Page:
Many people in America suffer from depression, anxiety, and feelings of hopelessness. In a land known for freedom, democracy, compassion, and wealth (especially compared to third-world and repressed countries), we should be shocked by the vast numbers of our citizens who tip over the edge to suicide: 121 suicides each day and the 10th leading cause of death in America.

Studies Regarding Suicide

According to a report issued last year by the Center for Disease Control (CDC), there was a significant increase in the number of suicides between 1999 and 2014. The greatest increase in suicides occurred in women, especially those of Native American heritage and Caucasian (white) women, increasing by 89% and 60% respectively. Even pre-teen girls are committing suicide in greater numbers, the report showing nearly a 200 percent increase from 1999 to 2014; boys in the same age group also increased, but at a much lower rate: 37 percent.

Suicide rates in western states rank high. Wyoming often ranks in the top five states regarding suicide, and in recent years, our state had the highest suicide rate in the nation. Next week is Suicide Prevention Week and though a conference planned in Casper has been cancelled, an awareness walk will take place September 23 at Mike Lansing Field, according to reports.

What Causes Suicidal Behavior?

The mid-2000s saw the greatest spike in suicides possibly due to the economic crisis. There are many factors that can cause a person to consider suicide. Sometimes a physical health issue such as a hormonal imbalance or thyroid disorder may lead to suicidal thoughts.  Depression, anxiety, and other mental health illnesses are also a leading cause of suicide attempts.  Even the make- up of the teen brain can increase young people’s risk for suicide.

A report in the Indian Journal of Psychiatry, based on several studies of suicide and suicidal behavior around the world, shows that nearly one million people die from suicide each year. The author, Dr. Lakshmi Vijayakumar, states, “Depression is the most common risk factor for serious suicidal behavior in both men and women and occurs twice as often in women as in men.”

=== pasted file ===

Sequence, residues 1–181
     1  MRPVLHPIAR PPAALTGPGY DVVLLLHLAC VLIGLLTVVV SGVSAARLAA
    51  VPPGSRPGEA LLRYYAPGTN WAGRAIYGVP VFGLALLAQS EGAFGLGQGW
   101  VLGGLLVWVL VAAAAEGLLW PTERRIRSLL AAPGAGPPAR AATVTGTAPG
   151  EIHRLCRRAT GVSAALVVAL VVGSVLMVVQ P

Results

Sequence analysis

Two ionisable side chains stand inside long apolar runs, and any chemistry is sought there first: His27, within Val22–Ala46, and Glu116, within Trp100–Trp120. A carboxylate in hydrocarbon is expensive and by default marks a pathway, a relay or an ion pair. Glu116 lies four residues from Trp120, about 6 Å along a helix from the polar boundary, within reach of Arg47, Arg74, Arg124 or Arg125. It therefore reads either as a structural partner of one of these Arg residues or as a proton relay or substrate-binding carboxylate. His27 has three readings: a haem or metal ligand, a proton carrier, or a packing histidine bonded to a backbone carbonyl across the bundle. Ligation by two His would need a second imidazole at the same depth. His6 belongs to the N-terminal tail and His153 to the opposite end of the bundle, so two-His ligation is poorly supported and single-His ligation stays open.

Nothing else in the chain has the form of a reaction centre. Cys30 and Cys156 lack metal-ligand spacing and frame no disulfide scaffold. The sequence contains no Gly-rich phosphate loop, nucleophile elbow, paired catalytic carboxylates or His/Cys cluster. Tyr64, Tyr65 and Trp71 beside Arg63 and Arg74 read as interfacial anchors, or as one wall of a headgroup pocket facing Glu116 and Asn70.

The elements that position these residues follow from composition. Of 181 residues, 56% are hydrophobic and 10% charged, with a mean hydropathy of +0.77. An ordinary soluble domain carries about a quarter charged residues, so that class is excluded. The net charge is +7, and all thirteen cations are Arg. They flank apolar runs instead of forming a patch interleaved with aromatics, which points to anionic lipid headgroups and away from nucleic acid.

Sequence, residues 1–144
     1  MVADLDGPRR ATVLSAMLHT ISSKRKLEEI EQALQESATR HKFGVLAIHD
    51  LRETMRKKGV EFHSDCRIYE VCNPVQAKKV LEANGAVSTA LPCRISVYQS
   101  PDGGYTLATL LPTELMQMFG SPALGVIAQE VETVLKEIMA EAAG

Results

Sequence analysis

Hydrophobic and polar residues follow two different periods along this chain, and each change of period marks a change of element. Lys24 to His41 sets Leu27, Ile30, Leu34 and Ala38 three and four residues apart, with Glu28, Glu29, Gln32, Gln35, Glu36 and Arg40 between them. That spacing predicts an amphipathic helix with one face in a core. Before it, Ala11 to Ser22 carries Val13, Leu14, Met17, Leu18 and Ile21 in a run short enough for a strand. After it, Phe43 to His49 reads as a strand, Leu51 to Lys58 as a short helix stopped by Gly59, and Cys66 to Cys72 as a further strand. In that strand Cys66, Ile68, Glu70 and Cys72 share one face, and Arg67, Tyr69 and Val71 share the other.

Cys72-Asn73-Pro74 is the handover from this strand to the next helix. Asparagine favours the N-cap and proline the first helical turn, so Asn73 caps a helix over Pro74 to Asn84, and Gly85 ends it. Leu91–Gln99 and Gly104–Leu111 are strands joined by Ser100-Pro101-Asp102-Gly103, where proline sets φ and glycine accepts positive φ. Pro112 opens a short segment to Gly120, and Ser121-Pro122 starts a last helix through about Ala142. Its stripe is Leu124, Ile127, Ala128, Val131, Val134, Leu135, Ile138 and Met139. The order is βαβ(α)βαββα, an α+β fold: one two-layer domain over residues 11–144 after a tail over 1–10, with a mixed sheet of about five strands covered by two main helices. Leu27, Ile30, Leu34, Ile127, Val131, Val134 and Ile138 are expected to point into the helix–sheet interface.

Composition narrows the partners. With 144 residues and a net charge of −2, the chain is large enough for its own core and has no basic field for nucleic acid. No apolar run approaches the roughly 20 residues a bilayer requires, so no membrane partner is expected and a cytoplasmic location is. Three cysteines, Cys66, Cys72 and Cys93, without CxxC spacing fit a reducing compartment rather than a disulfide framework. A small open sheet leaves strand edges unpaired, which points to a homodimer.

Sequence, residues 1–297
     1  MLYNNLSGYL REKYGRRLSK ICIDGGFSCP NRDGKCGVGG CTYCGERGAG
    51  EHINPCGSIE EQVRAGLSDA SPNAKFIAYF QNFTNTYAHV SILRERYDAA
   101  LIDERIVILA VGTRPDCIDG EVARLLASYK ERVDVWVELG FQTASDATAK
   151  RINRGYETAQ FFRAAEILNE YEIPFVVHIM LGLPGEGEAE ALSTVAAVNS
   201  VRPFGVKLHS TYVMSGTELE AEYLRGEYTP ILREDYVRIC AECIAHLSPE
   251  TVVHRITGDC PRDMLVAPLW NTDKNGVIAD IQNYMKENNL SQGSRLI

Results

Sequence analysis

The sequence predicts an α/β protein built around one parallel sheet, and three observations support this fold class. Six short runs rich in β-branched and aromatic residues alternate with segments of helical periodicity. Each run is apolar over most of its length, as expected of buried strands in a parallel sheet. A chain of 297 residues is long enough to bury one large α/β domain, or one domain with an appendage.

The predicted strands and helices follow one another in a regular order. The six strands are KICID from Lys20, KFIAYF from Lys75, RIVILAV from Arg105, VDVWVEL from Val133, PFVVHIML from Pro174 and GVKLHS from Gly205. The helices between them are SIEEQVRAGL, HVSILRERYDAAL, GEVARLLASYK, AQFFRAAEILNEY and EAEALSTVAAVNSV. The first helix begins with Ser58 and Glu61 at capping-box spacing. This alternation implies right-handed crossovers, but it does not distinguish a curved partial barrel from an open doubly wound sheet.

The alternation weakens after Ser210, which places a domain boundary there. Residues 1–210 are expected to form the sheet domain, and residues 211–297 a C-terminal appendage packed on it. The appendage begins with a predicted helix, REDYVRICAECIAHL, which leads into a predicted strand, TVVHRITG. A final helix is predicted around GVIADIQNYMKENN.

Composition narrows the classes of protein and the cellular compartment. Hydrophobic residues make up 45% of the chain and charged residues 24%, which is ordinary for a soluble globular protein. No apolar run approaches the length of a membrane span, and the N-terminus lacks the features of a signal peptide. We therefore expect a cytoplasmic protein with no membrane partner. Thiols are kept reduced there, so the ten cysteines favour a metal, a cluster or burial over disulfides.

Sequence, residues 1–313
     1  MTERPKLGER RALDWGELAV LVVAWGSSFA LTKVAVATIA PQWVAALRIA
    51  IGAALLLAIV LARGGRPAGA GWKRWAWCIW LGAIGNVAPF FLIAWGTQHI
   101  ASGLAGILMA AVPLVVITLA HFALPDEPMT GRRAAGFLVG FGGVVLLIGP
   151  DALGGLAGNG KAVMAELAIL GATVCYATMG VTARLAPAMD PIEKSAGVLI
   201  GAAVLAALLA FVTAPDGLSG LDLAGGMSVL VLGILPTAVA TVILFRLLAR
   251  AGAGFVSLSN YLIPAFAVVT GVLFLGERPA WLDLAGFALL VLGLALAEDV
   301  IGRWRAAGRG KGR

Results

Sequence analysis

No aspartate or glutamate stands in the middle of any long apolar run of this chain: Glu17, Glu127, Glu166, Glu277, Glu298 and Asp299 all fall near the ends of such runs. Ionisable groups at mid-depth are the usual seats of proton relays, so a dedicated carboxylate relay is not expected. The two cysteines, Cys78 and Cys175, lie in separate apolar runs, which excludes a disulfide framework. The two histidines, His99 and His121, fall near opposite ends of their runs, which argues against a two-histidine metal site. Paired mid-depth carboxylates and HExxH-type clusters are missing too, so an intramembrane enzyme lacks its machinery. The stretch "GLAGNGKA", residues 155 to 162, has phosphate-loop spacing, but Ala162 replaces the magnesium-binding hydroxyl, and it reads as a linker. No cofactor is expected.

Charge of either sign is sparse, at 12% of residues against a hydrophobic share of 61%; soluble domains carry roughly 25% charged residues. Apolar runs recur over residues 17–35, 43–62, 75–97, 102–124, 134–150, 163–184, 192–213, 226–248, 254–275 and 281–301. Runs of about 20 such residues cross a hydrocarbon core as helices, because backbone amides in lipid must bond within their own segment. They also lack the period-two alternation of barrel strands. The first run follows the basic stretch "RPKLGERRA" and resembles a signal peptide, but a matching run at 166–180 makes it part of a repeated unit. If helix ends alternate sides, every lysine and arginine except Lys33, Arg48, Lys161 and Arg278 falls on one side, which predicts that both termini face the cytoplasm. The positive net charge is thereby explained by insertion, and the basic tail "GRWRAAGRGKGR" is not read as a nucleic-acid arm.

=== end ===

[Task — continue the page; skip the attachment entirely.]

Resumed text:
Eating disorders can be another factor, especially for women. “Women with anorexia are estimated to have a 50-fold increased risk of suicide, and suicide is the second leading cause of death in those with anorexia,” Dr. Vijayakumar writes.


There is hope for those who experience depression and suicidal thoughts. If you or someone you know is struggling with depression, it is okay to acknowledge your feelings and seek and obtain help. See a physician to be sure there is nothing medical going on with your body. Counseling centers in Casper, such as The Healing Place, Central Wyoming Counseling Center, and others, provide listening ears and thoughtful counsel and these professionals can refer you to the right doctor to provide medication if needed. There is no shame in seeking help for suicidal thoughts and feelings.

Depression, anger, hopelessness, fear, and regret – these can lead to suicidal thoughts and actions. But, they don’t have to. There is hope and there is help. If you’re feeling suicidal or know someone who is, contact the National Suicide Prevention Lifeline at 800-273-8255 (24/7) or dial 911 for local assistance. You are not alone; there are people who care and people to help who want you to live and embrace hope and healing.

A list of community and national resources can be found here: